Foreign Affairs Minister Mélanie Joly says NATO’s military alliance is more “united than ever before” but stopped short of joining other allies in their criticism of U.S. Republican presidential frontrunner Donald Trump, after he threatened to abandon members who miss their spending targets.
Canada has for years fallen short of hitting the agreed upon target to spend two per cent of GDP on defence, as have other members.
“NATO has kept us safe as a country and has kept all those part of the alliance safe,” Joly told reporters Monday. “We’ve done a lot, but we need to do more.”
Her remarks come two days after the former U.S. president said he would “encourage” Russia to “do whatever the hell they want” to NATO allies who don’t pay their bills.
“Well sir, if we don’t pay, and we’re attacked by Russia — will you protect us?” Trump quoted an unnamed leader as saying.
“I said: ‘You didn’t pay? You’re delinquent?’ He said: ‘Yes, let’s say that happened.’ No, I would not protect you. In fact, I would encourage them (Russia) to do whatever the hell they want. You gotta pay,” Trump said.
Joly would not answer when asked whether Trump’s comments put allied troops at risk, but insists NATO has grown stronger with the inclusion of Finland and upcoming addition of Sweden.
“The minister of defence, [Bill Blair], is heading to NATO in Brussels later this week. And, we will continue to have a strong voice at the table,” said Joly.
German Chancellor Olaf Scholz was more blunt, blasting Trump for comments he called “irresponsible and dangerous,” as fears deepen that Trump’s possible return to the White House could allow Russia to expand its aggression beyond Ukraine.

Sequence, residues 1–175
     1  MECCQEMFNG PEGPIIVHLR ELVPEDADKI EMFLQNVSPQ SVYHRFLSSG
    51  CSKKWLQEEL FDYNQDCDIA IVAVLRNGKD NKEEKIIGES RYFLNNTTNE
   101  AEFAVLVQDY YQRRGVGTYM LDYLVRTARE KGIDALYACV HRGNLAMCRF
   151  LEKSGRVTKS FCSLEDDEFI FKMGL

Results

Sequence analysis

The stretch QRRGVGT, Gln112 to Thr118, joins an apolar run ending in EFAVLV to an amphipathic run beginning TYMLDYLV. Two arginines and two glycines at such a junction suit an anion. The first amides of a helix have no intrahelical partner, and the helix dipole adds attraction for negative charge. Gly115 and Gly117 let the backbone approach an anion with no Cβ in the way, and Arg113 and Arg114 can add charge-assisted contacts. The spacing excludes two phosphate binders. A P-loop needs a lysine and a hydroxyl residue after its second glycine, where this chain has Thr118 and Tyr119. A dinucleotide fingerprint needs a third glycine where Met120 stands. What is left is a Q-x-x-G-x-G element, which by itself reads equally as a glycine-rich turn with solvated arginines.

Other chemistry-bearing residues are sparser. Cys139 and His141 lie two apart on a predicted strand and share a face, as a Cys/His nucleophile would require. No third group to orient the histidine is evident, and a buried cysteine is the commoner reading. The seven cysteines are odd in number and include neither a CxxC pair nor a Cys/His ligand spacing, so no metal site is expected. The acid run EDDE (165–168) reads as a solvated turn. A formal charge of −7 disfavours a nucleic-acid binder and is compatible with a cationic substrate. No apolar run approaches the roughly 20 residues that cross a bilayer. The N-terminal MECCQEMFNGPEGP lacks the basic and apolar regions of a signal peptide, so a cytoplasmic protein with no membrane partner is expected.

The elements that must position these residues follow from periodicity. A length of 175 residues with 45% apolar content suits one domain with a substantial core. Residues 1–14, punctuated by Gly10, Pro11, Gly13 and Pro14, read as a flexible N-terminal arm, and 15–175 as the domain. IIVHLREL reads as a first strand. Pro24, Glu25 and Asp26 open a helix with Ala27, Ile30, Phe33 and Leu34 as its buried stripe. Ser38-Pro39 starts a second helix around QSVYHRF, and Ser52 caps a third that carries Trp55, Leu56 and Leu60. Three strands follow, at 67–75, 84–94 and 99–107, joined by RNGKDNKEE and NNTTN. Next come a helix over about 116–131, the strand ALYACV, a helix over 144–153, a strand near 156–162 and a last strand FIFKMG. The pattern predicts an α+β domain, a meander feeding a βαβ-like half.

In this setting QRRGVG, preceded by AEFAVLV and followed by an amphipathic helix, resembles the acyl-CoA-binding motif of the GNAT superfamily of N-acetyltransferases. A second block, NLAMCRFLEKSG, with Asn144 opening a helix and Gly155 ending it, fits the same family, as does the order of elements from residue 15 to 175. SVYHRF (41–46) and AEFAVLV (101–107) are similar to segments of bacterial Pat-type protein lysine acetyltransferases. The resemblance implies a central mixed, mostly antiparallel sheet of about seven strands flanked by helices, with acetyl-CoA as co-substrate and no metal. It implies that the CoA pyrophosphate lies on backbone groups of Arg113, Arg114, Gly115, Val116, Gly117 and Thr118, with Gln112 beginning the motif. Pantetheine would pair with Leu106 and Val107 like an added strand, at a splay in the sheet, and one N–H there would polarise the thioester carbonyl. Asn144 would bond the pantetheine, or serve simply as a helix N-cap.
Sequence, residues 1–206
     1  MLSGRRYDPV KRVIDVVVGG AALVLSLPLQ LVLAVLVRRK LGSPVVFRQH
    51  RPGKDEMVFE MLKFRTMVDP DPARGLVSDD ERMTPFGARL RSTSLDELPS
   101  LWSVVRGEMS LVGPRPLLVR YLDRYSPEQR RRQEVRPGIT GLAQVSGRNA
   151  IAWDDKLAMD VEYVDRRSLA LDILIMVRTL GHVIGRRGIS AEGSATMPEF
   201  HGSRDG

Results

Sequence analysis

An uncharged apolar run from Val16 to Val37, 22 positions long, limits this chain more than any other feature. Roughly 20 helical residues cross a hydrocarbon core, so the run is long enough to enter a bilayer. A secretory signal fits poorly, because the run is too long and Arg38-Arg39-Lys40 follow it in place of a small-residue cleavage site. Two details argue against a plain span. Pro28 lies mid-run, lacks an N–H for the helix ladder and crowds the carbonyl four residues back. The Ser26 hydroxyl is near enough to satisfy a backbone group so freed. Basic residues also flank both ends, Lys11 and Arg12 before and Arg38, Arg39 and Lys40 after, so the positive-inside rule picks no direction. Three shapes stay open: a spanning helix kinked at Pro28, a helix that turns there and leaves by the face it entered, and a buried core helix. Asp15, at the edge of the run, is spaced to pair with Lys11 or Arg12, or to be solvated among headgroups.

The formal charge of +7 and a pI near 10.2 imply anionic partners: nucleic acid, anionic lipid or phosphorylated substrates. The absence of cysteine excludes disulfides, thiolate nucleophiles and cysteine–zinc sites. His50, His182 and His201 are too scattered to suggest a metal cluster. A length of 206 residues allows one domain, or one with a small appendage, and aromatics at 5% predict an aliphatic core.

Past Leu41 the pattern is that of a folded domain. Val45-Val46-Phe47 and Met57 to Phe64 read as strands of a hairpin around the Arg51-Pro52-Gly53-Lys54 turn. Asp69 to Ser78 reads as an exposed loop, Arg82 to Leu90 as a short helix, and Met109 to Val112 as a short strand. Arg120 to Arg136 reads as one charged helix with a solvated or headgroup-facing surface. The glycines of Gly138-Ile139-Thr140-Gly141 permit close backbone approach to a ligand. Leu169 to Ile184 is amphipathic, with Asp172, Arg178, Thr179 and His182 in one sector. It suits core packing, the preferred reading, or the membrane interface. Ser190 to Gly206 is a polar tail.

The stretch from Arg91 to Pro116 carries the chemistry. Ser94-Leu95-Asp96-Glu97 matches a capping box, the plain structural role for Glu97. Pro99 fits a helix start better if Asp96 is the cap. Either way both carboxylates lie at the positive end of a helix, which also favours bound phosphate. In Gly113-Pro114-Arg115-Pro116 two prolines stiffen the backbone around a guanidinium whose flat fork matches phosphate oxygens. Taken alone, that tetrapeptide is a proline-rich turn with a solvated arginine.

“No one can play, or ‘deal,’ with Europe’s security,” added Scholz.
Meanwhile, U.S. President Joe Biden called Trump’s NATO comments “appalling.”
One of NATO’s foundational principles is Article 5, which commits to collective defence and the vow that an attack against one member is an attack against all, and will result in allied action.
But Trump has often lamented other members are not pulling their weight.
A leaked Pentagon assessment obtained by the Washington Post last April said Prime Minister Justin Trudeau told NATO officials Canada would never meet the alliance’s target.
While Trudeau and Trump had a frosty relationship the last time he was in office, Joly insists Canada will be prepared if Trump is re-elected.
“You’ll always hear me saying the same thing, which is essentially the American people will decide. Meanwhile, we’ll be ready for their choice. We’ve been able to manage two types of administration in the White House.”
Her cautious tone comes as Canadian diplomats speak with advisers and congressional allies of Trump, as they prepare for the possibility of a second Trump presidency.
NATO Secretary-General Jens Stoltenberg warned Trump’s recent remarks endanger members of the Western military alliance.
“Any suggestion that allies will not defend each other undermines all of our security, including that of the U.S., and puts American and European soldiers at increased risk,” Stoltenberg said in a statement Sunday.
He added that “regardless of who wins the presidential election the U.S. will remain a strong and committed NATO ally.”
— with files from the Associated Press